2. How shall I give it?—G. R.
McCall, Dr. E. Z. Holliday.
3. AVhen shall I give it?—T. J.
Beck, J. C. Shecnt.
Submission of plans.
Saturday Night.—To be arranged
for by the Convention.
Sabbath.—At 9: a. m., Prayer and
Praise. J. E. AVright and B. A.
Salter for Prayer; Lockhart and
Jackson for Praise.
At 10 a. m., “AVho was Cary?”:
AV. M. Verdery.
At 10:30 a. m., “AVho was Judson”
AV. E. Shackelford.
At 11 a. m., Sermon by appoint
ment of Convention.
Afternoon.—Hear from all our
pastors as to what they will do
Our Woman’s Mission Societies
are invited most cordially to assem
ble with us and use the large Academy
at Stellaville, making their own pro
gramme and enlisting the sisters of
our churches in their great work.
For the Academy on Sunday we
suggest prayer and praise at 9: 30 a.
m. At 10 a. m., “ Should the Chil
dren Give ?”: E. 11. Callaway, of
Waynesboro. “ AA'ho is to train
them?”: Edward Huntdr, Louis
The Association requests Professor
C. 11. S. Jackson and F. T. Lockhart
to conduct the Services of Praise
through the meeting, selecting their
assistants and selecting also the
hyrtins, giving missionary songs
all through the exercises.
The AV Oman’s Mission Society will
select their leaders of music. The
community will furnish organs ta
both places of meeting, and, while
we preach missions, talk missions,
and plan missions, we want to praise
the God of Missions.
W. M. VERDERY,
J. S. Patterson,
J. AV. Brinson,
Committee on Programme.
- - *
M. D. Lane, Devereaux, Ga., writes
“One summer several years ago,while
railroading in Missippi, I became
badly affected with malarial blood
poison that impared my health for
more than two years. Several offen
sive ulcers appeared on my legs, and
nothing seemed to give permanent
relief until I took six bottles of B. B:
B. which cured me entirely.”
Griffin—AVe are in the midst of
another Spring feast, at the First
Church. Dr. E. B. Carroll, the gifted
pastor of the Albany church is as
sisting Our beloved pastor, Dr. Daniel
in a series of meetings. AVe expect
a blessing and God will give it. AA’e
hope brethren over the state will
pray that God’s overpowering influ
ence may again take hold of sinners
in our city, as he did last summer.
There are yet others unconverted.
AVe have a w orking, self-sacrificing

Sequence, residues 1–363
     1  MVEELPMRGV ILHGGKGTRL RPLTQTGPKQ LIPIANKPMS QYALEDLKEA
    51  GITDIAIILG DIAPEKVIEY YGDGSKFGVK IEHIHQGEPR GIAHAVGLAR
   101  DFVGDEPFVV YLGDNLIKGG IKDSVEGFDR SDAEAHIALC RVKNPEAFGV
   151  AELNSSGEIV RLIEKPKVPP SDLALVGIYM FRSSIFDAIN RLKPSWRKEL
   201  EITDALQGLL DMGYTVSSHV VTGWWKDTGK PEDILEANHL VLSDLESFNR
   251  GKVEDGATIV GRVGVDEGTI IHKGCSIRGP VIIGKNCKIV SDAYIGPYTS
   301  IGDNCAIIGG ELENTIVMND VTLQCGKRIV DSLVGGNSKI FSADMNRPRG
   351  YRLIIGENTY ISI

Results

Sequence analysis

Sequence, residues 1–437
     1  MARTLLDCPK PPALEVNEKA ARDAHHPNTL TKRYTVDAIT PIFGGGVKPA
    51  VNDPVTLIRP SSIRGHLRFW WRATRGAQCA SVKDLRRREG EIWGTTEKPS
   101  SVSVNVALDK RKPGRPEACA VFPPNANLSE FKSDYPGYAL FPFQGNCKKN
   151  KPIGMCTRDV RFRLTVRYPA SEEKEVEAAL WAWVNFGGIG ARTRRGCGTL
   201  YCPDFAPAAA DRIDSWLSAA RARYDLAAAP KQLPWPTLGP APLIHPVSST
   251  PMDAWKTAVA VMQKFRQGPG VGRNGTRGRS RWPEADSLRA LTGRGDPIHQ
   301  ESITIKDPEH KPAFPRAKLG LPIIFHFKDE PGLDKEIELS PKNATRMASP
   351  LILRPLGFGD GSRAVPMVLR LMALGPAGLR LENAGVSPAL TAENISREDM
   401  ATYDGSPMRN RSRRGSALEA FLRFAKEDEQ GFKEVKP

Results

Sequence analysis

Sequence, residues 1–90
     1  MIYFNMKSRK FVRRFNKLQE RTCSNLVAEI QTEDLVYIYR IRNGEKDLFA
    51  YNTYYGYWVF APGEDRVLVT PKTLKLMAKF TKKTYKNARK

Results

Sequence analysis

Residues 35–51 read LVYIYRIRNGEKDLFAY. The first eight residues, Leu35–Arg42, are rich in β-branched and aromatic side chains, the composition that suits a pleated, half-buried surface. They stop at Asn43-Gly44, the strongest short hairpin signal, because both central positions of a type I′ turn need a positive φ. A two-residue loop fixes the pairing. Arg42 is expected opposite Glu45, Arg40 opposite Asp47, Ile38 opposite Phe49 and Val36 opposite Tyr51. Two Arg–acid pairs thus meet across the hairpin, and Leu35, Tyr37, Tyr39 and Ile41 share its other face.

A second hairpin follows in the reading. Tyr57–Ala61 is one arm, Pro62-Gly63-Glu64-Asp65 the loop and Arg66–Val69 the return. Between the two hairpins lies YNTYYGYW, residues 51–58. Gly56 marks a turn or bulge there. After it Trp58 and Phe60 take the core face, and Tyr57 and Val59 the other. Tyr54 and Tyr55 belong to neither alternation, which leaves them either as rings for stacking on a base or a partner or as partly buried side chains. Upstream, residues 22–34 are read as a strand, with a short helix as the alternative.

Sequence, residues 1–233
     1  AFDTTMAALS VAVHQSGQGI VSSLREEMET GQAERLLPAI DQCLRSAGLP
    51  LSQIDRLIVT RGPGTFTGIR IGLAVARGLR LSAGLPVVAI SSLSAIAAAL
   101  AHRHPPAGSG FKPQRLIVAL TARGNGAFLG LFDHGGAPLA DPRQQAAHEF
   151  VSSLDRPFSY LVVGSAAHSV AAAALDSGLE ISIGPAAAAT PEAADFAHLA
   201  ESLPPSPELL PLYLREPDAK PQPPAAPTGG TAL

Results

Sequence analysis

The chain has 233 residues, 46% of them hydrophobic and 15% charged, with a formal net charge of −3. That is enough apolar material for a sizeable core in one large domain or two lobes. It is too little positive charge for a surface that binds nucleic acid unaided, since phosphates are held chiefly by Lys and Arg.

devoted membership. God bless the
women of Griffin. The Index comes
How can any Baptist do without
the Index? Brethren and sisters,
let's each one of us become an agent
for this great family newspaper.
AVith the Bible and the Index, we
are well armed. Let each old sub
scriber now’ see if he cannot send in
one new name. AV. L. Taylor.
Richmond, Va., April 16, 1892.
Georgia has sent 810,427.17 on ac
count of the 825,000 asked for the
year. What may we expect by the
30th inst, when our books close? The
Board has advanced for S. B. C,
835,000 beyond its receipts.
AA’ hat w’ill Georgians do ?
Truly, H. A. Tupper, Cor. Seo.
Our old reliable Eye water does
not burn or hurt the eye. AVhen ap
plied, feels good children like it.
Cures granulated lids.
J no. R. Dickey, Drug Company
Bristol, Tenn. Lamar Rankin &
Co., AVholesale Agents, Atlanta,
Ga. April 7th 2m
To the Convention Delegates:
For the benefit of the Capitol
Avenue Baptist Mission Chapel, Dr.
B. H. Carroll of AVaco, Texas, will
deliver in Atlanta, by special request,
a lecture on “Personal Liberty.”
The lecture will be illustrated by
a large cartoon which will add much
to the lecture.
Time:—Thursday 8 p. m., May 5,
1892, evening previous to meeting
of Southern Baptist Convention next
morning. Place at Second Baptist
Church Tabernacle on Mitchell St.
The delegates and visitors to the
Convention are specially requested
at attend. A rare treat is anticipated
Go to work, secure a new subscri
ber to the Index and thereby get a
copy of Drummond’s Addresses. On
our last page we show you how to
get these addresses without paying
SIMPLE IN CONSTRUCTION,
PERMANENT IN DURATION.
EASILY APPLIED. ITS SKILL
FUL USE QUICKLY LEARNED.
The Electropoise is an Instrument for
Hit CURE OF DISEASE
BASED on new theories of the cause an
cure of disease, it deals with the electrical an
magnetic conditions of the body and the gase
surrounding it in the atmosphere, controlling
these conditions at will. It isnot electricity.
DISEASE is simply impaired vitality. The
Electropoisc constanly audsto the vitality and
only assists nature, iu nature’s way, to throw
off the trouble.
A -.'Opage book, describing treatment and
containing testimonials from all sections, and
for the cure of all diseases, mailed free on
Atlantic Electropoise Company.,
Washington, D. C. Atlanta, Ga.
Charleston, S. C.
Through the liberality of a few generous per
sons the American Baptist Publication Society